Asked about the timing of the strike, Dr. Bishara explained that, given the Israeli Supreme Court’s ruling last week as to the illegality of the wall in certain areas alone, and not in principle altogether, protesting the fact of the very existence of the wall has become of prime importance to the Palestinians. He chose to embark upon a hunger strike, he explained, not only because he felt that Palestinians have exhausted all other methods of peaceful protest – demonstrations, marches, appeals to the Israeli High Court, he himself having raised the issue on innumerable occasions in the Israeli Knesset – but also because the wall poses an “existential threat to the Palestinian people and we have to respond to this existential threat through existential means.” He urged the spectators, especially those who are members of the international community, to not think of the wall as “yet another detail in the history of the atrocities of the Israeli occupation,” but rather, as an unique issue in and of itself so threatening to the existence of the Palestinians as a society that it calls for, in response, a drastic form of protest commensurate to the threat posed. Hence, the indefinite hunger strike.

When asked about the wide support for the wall among the Israeli electorate, Dr. Bishara said that Israelis support the wall not because they understand all its consequences for the Palestinian people, but because it has been presented to them as an easy way of getting rid of the Palestinian issue without having to fully deal with it. Israelis have been made to feel that, by imprisoning the Palestinians behind walls, they will be made safer forever, but the experience of Gaza, which is a hotbed of militant activity, and where 1.3 million Palestinians already live imprisoned behind walls, should prove to Israelis that such logic is entirely fallacious. Dr. Bishara went on to say that the Israelis should be the first to understand the moral consequences of imprisoning a people within enclaves and ghettos -- words used not only by Palestinians to describe the consequences of the wall, but also by the Israeli High Court of Justice in its ruling last week.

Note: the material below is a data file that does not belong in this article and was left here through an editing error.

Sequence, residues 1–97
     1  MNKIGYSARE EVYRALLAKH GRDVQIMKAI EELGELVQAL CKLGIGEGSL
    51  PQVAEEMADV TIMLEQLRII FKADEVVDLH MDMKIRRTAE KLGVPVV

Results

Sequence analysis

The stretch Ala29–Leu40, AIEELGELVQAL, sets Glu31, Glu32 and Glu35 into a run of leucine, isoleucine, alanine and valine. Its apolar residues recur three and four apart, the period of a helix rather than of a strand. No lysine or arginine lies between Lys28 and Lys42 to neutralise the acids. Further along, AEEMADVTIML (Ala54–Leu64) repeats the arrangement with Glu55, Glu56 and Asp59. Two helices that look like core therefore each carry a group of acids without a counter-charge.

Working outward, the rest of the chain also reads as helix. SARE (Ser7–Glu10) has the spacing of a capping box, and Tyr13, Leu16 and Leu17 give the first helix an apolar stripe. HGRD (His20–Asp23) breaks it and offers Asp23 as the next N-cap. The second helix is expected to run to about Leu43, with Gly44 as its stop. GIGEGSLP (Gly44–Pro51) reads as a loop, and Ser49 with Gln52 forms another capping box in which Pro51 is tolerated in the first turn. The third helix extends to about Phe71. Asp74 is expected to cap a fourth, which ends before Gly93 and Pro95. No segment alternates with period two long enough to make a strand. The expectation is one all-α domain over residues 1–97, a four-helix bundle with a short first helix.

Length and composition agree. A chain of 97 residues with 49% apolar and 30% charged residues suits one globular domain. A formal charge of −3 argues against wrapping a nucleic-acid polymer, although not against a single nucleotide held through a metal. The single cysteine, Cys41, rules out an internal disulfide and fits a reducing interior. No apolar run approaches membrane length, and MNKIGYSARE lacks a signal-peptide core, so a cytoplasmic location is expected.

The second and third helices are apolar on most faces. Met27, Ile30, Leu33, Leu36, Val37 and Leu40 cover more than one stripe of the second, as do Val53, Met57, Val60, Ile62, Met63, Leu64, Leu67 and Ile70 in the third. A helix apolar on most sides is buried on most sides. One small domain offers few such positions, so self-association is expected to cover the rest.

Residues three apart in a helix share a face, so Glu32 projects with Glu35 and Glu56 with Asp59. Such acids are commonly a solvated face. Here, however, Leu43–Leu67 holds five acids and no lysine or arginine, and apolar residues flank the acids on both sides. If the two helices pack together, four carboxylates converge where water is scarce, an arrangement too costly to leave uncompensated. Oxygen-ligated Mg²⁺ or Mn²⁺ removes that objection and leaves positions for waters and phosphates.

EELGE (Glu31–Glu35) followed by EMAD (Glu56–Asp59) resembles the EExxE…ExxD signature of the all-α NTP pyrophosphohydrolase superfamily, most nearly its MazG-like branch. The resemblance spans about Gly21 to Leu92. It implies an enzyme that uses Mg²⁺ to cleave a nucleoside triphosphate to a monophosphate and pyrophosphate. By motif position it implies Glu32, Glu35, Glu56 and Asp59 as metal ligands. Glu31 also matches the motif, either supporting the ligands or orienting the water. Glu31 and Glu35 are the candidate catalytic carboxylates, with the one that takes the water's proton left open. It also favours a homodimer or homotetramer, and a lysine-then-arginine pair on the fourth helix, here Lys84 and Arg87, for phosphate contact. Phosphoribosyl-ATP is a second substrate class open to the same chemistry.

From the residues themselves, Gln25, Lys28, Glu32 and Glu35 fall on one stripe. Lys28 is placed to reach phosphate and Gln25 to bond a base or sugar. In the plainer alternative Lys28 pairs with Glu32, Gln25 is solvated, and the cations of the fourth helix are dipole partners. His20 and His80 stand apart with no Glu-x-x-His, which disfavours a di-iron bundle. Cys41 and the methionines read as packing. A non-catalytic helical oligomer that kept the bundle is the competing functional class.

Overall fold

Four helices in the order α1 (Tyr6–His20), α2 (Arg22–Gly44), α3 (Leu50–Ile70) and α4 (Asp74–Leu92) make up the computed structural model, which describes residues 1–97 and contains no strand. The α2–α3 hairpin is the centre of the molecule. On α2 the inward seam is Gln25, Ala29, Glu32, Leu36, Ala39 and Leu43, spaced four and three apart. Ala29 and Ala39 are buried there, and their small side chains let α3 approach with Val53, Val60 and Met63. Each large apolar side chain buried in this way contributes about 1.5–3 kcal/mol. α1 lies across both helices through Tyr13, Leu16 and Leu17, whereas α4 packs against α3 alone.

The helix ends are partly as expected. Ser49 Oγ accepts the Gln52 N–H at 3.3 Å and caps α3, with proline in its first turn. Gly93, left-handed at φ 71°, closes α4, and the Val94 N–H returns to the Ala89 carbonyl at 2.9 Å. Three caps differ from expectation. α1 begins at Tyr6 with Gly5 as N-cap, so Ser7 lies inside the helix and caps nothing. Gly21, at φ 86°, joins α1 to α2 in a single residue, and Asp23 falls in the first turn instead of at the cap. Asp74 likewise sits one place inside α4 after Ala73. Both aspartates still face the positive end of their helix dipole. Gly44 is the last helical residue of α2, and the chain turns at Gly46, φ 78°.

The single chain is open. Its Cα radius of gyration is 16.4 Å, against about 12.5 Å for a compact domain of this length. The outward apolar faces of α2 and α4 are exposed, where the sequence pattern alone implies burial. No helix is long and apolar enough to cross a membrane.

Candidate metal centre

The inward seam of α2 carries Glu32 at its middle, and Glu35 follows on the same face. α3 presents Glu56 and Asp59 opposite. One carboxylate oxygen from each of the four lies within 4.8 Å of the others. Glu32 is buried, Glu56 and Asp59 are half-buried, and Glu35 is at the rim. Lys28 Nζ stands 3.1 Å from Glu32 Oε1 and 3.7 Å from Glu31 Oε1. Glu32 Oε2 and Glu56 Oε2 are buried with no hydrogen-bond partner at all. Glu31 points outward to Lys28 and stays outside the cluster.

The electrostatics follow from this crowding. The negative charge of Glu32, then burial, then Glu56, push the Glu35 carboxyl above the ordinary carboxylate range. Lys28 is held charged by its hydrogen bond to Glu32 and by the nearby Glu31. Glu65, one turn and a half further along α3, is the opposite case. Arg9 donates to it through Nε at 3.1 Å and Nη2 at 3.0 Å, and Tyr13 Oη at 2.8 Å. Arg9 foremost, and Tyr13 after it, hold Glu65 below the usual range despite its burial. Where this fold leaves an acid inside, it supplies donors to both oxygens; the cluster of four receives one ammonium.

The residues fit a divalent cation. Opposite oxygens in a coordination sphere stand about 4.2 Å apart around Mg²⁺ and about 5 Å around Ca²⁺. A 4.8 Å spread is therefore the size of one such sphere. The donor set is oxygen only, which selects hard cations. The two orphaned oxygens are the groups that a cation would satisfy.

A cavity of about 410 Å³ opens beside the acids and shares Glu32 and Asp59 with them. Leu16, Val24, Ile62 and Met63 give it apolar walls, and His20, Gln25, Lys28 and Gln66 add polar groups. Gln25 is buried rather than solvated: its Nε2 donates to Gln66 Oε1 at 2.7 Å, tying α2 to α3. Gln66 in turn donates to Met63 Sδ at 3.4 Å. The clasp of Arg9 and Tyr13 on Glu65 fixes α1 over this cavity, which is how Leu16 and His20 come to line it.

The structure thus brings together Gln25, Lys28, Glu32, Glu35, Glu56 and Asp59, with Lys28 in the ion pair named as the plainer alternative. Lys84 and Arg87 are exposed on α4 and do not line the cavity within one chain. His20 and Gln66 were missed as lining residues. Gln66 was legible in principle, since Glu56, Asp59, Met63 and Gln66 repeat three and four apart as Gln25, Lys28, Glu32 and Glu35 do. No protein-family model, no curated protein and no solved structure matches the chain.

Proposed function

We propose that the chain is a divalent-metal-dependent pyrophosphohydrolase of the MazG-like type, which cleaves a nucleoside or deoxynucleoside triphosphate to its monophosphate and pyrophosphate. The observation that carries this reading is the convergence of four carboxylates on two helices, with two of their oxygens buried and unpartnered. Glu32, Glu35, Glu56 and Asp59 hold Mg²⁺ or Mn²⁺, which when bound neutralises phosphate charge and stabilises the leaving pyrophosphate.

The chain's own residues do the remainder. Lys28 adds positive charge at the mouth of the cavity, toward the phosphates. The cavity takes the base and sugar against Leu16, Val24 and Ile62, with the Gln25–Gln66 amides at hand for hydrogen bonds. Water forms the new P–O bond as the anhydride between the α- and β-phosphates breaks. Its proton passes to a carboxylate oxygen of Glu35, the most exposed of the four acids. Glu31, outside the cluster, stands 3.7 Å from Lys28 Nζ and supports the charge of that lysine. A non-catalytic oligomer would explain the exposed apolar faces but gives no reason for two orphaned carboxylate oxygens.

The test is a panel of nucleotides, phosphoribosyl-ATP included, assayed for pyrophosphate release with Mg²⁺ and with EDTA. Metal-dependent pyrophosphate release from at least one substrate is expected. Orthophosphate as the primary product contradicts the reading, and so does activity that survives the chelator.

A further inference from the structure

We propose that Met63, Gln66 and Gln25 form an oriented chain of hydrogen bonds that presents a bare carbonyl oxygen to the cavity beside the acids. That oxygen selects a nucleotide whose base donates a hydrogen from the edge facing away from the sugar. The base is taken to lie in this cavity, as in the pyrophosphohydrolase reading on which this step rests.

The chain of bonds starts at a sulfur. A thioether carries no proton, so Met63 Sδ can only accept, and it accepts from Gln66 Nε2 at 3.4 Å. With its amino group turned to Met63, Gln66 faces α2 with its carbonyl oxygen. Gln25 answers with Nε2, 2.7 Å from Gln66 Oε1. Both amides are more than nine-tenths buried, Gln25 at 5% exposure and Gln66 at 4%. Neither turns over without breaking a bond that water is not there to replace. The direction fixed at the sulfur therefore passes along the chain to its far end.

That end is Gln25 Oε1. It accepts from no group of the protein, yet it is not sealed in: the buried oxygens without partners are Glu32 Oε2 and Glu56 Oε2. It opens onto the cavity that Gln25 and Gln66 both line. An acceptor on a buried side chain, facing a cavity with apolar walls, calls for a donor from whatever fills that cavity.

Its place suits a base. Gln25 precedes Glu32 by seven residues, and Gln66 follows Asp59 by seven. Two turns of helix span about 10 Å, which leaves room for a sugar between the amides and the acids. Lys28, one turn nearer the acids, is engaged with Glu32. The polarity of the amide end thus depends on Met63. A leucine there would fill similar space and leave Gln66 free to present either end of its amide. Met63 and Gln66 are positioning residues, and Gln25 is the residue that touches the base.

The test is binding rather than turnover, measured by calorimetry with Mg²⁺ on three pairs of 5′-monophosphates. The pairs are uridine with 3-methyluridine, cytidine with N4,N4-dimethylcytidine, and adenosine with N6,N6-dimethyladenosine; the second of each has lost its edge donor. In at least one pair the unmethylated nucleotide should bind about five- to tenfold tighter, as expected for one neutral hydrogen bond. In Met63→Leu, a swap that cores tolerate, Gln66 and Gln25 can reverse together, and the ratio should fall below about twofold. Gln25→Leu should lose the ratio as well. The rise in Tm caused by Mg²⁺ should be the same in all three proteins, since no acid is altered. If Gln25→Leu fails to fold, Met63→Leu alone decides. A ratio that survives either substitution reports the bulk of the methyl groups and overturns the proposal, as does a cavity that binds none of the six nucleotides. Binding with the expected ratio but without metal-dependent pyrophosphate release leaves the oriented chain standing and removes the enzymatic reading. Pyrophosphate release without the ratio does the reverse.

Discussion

Dr. Bishara ended by warning that Israel has effectively focused the world’s attention on its unilateral disengagement plan from Gaza while creating “new facts on the ground” and grabbing more and more land for itself in the West Bank. While the world – and this, he made sure to point out, includes the Arab world – applauds the disengagement plan, the road that connects Jerusalem to the West Bank is being shut off to Palestinians, and entire villages in the West Bank, like Abu Dis and Qalqilya, have effectively already become ghettos. Very soon, Dr. Bishara warned, “all of greater Jerusalem will be behind the wall, and Sharon will have accomplished all his plans” while the world’s attention is diverted by interminable discussions on the pros and cons of the disengagement plan. The hunger strike is thus, ultimately, Dr. Bishara said, an attempt to draw the world’s attention away from the disengagement plan and to “the real process underway on the ground in the Occupied Territories.”

The long-time Israeli peace activist, Mikhail Varshovsky, spoke briefly after Dr. Bishara to explain his own position on the wall and reasons for joining in the hunger strike. He said he is an Israeli who cares not only for the Palestinians, whose cause he has been working for decades to further, but also for his own people, who, he explained, will be far worse off after the wall has been completed. The slogan used by the Stop the Wall organization, Mr. Varshovsky said, is instructive: “No people between walls, and no walls between people.” Neither can he stand by and watch while Palestinians are put into “prisons, reserves, and Bantustans,” nor can he accept that Israelis should want to live behind 8 meter high walls that cut them off from the rest of the people who live on the land. “This wall,” Mr. Varshovsky concluded, “condemns Israeli society to death.” When pressed by a journalist to explain why as an Israeli he chose to embark upon a hunger strike with Palestinians to protest the activities of his own government, he said, simply, that “when a society puts a whole people in prison, there comes a moment when every decent person should ask himself whether he should not cross the wall and join those on the other side.”